2. Russ Saari on February 10, 2021 at 5:21 pm

    Corregated panels are pretty common in some parts of Montana. I was thinking of affixing poly on the inside spars to create an air gap.

  3. Steve Jacobson on February 10, 2021 at 5:22 pm

    Hello there love your Greenhouse material video

  4. Simple Tek on February 10, 2021 at 5:26 pm

    Let me know what kind of greenhouse covering you are using or planning to use and why!!!!!!

  5. seven thunders on February 10, 2021 at 5:27 pm

    I do think I need to use the local reg plastic roll , is 4 mm 25x 100 a good deal at 66.00 ? I’ll b using steel rebar frame, feels like the steel is making a magnetic effects, any advise before i commit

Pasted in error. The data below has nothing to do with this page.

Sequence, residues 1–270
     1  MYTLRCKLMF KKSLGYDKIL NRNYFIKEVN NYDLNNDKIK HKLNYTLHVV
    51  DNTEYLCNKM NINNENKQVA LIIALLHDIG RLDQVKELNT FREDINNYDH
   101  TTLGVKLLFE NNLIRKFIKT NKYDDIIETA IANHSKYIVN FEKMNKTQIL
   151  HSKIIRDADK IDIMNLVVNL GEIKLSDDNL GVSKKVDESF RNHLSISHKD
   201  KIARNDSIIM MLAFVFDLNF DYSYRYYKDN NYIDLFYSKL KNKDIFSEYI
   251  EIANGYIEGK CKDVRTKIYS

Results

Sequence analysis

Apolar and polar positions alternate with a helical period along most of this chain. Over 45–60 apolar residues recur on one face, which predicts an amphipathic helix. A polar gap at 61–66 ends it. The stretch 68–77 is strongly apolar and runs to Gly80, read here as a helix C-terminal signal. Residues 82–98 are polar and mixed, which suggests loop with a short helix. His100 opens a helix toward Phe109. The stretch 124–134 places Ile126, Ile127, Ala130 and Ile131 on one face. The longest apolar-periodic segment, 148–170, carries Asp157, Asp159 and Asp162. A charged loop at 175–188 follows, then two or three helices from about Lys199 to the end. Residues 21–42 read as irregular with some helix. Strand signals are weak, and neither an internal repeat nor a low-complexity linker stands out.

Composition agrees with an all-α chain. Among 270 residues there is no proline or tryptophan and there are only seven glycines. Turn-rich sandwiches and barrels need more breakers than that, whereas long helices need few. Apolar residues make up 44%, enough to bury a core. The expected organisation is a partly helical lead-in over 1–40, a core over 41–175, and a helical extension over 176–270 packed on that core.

6. Richard Sims on February 10, 2021 at 5:27 pm

    Why not space two fiberglass panels?
    Dab of silicone and a spacer every so often.
    I don’t want to redo polly when I’m in my 70s but I will still want to garden.

  7. Zach B on February 10, 2021 at 5:27 pm

    Nice breakdown. Looks like polycarbonate panels are likely the best choice for my plans for off-house cold climate Winter solarium. I want to be able to the walls off in the Spring but leave the roof as a shade in the Summer. I may look into using the corrugated panels on top of the double walled panels as a way of protecting the roof from moisture, depending on flashing options.

  8. robert Ralston on February 10, 2021 at 5:27 pm

    Putting a heavy clear plastic down on the framing before putting the rezalite panels down would give you some air space.

  9. Frank Tennyson on February 10, 2021 at 5:29 pm

    thanks —- I learned about polycarbonate from you … Think I’ll use it… & get a blower…